Not that this is really a problem for a mere PhD thesis. I don't think anyone expects you to solve morality.
DanielMcKay
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5/5/2016 12:42:59 AM
Posted: 7 months ago
First, thanks to everyone who provided feedback.

Okay. YYW, I will deal with your objections in a separate post as they are quite a lot longer.

Keithprosser: Yes it is indeed very ambitious, but if I had wanted to deal with easy questions, I would have chosen a different field of study.

As for the differences between utilitarianism and FC, there are several. But, before I go into those, I would like to say thanks for bringing this up as it comes up a lot when I explain my theory to people. Would you mind if I included you as one of the people who had said it when I write my objections chapter? If so, please PM with your name so I can reference you.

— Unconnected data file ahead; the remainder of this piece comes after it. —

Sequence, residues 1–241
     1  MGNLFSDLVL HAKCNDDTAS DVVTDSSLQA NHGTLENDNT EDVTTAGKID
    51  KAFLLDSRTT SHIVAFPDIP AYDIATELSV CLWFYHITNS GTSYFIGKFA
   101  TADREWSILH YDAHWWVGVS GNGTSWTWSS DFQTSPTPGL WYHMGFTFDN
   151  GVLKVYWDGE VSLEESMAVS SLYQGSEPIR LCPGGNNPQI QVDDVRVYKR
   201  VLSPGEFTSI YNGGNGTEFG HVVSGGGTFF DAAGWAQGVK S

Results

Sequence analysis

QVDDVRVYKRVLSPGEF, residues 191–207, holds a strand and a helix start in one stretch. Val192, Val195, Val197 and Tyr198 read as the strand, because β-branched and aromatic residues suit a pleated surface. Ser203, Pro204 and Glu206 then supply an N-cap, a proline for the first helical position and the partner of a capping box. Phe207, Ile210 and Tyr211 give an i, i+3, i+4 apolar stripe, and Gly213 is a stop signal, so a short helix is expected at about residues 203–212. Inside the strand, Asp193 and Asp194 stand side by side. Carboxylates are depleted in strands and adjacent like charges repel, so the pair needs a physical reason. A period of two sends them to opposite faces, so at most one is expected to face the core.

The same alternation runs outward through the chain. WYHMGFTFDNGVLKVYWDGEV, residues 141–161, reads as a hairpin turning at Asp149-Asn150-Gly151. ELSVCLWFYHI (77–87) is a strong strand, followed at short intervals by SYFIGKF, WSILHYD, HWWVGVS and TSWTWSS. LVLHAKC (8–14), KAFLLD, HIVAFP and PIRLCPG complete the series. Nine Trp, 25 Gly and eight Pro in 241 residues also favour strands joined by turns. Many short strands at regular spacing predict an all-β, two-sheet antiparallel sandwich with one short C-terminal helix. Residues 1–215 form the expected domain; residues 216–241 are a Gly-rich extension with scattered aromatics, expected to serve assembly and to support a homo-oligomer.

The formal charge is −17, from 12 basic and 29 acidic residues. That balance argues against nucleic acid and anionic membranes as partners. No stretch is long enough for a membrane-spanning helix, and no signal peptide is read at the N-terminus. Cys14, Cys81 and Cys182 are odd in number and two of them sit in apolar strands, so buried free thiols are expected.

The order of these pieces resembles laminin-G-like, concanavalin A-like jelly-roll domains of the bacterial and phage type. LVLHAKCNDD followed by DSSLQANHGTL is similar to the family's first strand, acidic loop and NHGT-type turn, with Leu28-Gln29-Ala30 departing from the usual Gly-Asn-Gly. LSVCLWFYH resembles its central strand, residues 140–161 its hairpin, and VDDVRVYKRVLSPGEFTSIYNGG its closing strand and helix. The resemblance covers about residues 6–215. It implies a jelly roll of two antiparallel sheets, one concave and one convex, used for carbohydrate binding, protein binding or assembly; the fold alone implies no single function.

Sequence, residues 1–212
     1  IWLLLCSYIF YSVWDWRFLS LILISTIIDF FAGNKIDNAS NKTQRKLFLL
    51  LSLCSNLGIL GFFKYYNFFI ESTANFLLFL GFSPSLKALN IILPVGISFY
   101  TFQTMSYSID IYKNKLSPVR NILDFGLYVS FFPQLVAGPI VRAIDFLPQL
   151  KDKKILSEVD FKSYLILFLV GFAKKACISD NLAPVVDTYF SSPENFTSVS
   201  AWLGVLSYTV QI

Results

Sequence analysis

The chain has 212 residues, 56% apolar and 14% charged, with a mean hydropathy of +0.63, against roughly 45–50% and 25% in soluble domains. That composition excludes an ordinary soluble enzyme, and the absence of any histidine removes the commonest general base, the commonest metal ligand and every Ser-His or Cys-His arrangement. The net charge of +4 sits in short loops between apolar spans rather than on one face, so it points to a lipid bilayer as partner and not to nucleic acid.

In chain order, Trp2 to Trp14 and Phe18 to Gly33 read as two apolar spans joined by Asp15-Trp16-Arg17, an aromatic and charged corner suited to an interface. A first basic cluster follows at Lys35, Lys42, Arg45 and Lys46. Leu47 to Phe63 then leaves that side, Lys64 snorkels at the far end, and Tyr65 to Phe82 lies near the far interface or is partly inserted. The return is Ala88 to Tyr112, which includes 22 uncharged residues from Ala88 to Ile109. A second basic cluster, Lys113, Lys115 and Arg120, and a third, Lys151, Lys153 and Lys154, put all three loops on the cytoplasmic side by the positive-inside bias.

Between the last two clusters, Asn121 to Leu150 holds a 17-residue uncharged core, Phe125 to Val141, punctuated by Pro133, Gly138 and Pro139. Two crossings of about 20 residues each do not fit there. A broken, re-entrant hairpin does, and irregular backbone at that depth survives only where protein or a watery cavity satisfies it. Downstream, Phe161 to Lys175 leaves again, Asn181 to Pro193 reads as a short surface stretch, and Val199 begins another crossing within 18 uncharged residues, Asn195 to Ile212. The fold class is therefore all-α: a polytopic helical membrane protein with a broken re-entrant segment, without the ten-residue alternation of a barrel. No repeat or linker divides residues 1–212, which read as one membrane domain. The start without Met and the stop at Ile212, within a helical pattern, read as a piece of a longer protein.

As for the differences between FC and utilitarianism, the main ones are:

Utilitarianism basis why we should be moral on the idea that we are being irrational if we make an exception of ourselves so if we value our own happiness we should value the happiness of others. FC makes no such claims about the connection between rationality and morality.

Utilitarianism requires us to maximize value/utility. FC deals with the protection of the freedom of persons that already exist over things that already belong to them. This kind of value can't really be "maximized". Which means that for FC, there is a hypothetical state the world could be in, in which there is no good to do as no one's freedom is, or is going to be, violated.

Utilitarianism, because in part of the two differences outlined above, runs into the issue of the demandingness objection. How FC deals with this is explained in chapter three (here I have posted chapters one and two) but in short it is not required to assume that the only good action is the one with the best consequences and, because of this, can talk about moral responsibility in an entirely different way. Essentially you figure out your degree of moral obligation by considering how much good needs doing, your own ability to do good and the uniqueness of your position to bring about a particular good. Once this is calculated, meeting this minimum requirement is obligatory and going beyond it is supererogatory.